From the October 21 edition of Fox News' The O'Reilly Factor:
BILL O'REILLY: With us now Nikki Johnson-Huston who is also an advocate for the poor. All right, so you heard what I said.
NIKKI JOHNSON-HUSTON: Yes.
O'REILLY: Where am I going wrong?
JOHNSON-HUSTON: Where I think you are going wrong is twofold. I think that you overestimate the availability of those services and poor people's ability to access them.
O'REILLY: That's --
JOHNSON-HUSTON: First off.
O'REILLY: Well all right -- go ahead.
JOHNSON-HUSTON: And secondly, The second point was that you were making the point that because children might be hungry it's totally the parent's fault and that it was a form of child abuse. And I thought that your characterization of the poor was unfair and not nuanced enough.
O'REILLY: OK. Let's take your situation, all right? From what I understand from our research of you, in San Diego, when you were growing up, there was a six month period in 1983-84 where you were hungry; is that correct? As a child.
JOHNSON-HUSTON: I was homeless.
O'REILLY: You were homeless and hungry.
O'REILLY: And that is because your mother -- no father, right?
JOHNSON-HUSTON: Father wasn't around.
O'REILLY: OK. Your mother was an alcoholic, is that true?
JOHNSON-HUSTON: She had alcohol and drug issues, yes.
O'REILLY: OK. And drugs issues. Now, my point is: I feel terrible for you that you had to go through that, I really do. And I give literally hundreds of thousands of dollars to charities to help kids who are in your circumstance. You should know that.
JOHNSON-HUSTON: Thank you and I appreciate it.
O'REILLY: But that's not society's fault that your mother was a drug addict and alcoholic and you didn't have a father. That's not my fault. But that was my point and it was clearly made.
JOHNSON-HUSTON: I didn't say that that's the point that you were making and I didn't say that it was society's fault. But we as a society have said that we are not going to let children go hungry and we have put an apparatus into place with our tax dollars and I'm saying it's not working the way that you think it is.
O'REILLY: Let me challenge that. OK? Society is responsible for providing safety nets, all right?
O'REILLY: Now here in Philadelphia where you live, if you are a poor person making $19,000 or less in Philadelphia, here is what you're entitled to right at this moment: more than $6,000 in food stamps. More than $7,000 in housing -- that's rent. All right. About $15,000 in day care subsidies, which means that your kids will be minded by somebody else and fed while you work. All right? About $7,500 per child and $10,000 per child for Head Start and Early Start educational programs. The package adds up to more than $40,000.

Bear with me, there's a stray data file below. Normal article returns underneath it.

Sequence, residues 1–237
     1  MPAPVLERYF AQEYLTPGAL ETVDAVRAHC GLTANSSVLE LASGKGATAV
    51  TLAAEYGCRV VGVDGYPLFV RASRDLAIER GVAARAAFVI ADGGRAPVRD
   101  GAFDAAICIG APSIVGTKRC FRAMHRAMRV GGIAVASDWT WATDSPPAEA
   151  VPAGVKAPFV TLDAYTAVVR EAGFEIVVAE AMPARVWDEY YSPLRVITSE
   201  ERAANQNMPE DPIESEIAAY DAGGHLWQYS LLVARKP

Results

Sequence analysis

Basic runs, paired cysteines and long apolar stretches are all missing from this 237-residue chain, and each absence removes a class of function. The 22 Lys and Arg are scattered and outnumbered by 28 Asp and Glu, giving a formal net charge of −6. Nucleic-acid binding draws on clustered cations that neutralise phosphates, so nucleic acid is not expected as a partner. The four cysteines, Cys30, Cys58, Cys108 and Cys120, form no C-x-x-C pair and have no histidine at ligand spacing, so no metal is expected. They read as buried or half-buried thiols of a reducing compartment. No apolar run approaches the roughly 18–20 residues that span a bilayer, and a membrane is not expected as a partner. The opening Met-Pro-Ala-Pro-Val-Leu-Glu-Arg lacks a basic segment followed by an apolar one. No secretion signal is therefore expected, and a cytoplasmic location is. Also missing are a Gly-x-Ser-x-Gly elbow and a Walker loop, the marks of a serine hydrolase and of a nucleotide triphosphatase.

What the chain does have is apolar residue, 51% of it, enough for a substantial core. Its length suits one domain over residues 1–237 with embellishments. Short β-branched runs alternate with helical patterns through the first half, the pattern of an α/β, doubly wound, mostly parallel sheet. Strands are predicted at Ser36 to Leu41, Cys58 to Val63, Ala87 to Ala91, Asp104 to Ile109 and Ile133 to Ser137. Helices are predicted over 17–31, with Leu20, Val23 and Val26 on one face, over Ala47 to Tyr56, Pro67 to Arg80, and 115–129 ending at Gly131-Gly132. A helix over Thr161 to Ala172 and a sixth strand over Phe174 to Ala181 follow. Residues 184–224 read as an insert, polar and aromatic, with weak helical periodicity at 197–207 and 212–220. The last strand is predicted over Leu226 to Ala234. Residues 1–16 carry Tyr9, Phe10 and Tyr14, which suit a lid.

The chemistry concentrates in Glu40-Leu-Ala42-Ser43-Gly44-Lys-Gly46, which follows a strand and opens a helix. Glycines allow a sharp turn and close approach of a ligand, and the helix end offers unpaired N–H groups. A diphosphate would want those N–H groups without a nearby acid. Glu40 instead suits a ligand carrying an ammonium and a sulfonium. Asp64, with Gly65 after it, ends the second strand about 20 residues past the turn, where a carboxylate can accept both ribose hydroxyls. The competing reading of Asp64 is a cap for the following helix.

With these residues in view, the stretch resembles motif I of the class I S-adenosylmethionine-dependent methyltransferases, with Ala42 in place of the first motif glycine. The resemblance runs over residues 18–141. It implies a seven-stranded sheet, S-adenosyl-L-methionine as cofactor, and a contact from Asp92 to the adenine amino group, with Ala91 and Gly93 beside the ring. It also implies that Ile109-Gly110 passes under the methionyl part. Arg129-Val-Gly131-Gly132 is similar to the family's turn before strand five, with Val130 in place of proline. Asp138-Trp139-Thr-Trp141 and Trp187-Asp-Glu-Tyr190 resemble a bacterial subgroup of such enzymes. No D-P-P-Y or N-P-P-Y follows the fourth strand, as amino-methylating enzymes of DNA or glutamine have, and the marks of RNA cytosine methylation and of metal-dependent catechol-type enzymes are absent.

JOHNSON-HUSTON: But a lot of the programs that you cited are not money that comes directly to the parent and, again--
O'REILLY: That's because many of these parents are drug addicts and alcoholics as your mother was. What I'm trying to say is--
JOHNSON-HUSTON: That is not the reason that we ended up on the streets. Someone took our money and, look, I'm not saying that my mother was perfect. She made mistakes, but we said in the United States that people have second chances at life. And you know what?
O'REILLY: Well look at you. Look at how successful you've been.
JOHNSON-HUSTON: I am, and you know what, I'm not blaming the system. I'm saying, in this sense, the system worked for me.
O'REILLY: That's what I want you to understand and everybody else hear me. It is not the system or the country's fault that irresponsible people have children and then cannot feed or raise the children.
JOHNSON-HUSTON: Everyone who is poor is not irresponsible.
O'REILLY: That's not what I said, counselor, and you know that.
JOHNSON-HUSTON: You are confusing an economic status of someone with their character, and people make mistakes in life, but you know what? My mother loved me and what you put forth was that people who are in these situations, that they're abusing their children. I know people who have been abused. I was not abused and my mother did the right thing by me which was to put me in a more stable environment--
O'REILLY: Your grandmother took you.
JOHNSON-HUSTON: Yes, my grandmother took me.
O'REILLY: I contend, and I'm glad you love and you're loyal to your mother. I contend that it's not America's fault.
JOHNSON-HUSTON: No one said it was America's fault.
O'REILLY: That's what I said. I was telling Kirsten Powers, who was saying that there are droves of hungry children.
JOHNSON-HUSTON: She wasn't saying that it was America's fault, what she was--
O'REILLY: Yes she was.
JOHNSON-HUSTON: No she wasn't.
O'REILLY: That it was the system's fault, the system is America.
JOHNSON-HUSTON: No, she was saying that it doesn't always work the way it's supposed to. She was saying that she volunteers her time and she sees it on the ground and so do I.
O'REILLY: And we applaud that. But there is nothing on earth that America can do.
JOHNSON-HUSTON: Absolutely can.
O'REILLY: No they can't.
JOHNSON-HUSTON: You know what, the social system was put into place to allow people like me to have a shot at the American dream.
O'REILLY: And you succeeded.
JOHNSON-HUSTON: And it worked. So, I'm saying what worked in my situation and how do we duplicate that for other people? But by calling parents names does not move the conversation forward.
O'REILLY: Listen, in my opinion, and you should respect it--
JOHNSON-HUSTON: I do respect it. I respect that you're wrong, but I respect it.
O'REILLY: A mother or father who is addicted to a substance and allows their children to go hungry because of said addiction, is abusing the child. My opinion. I got to go.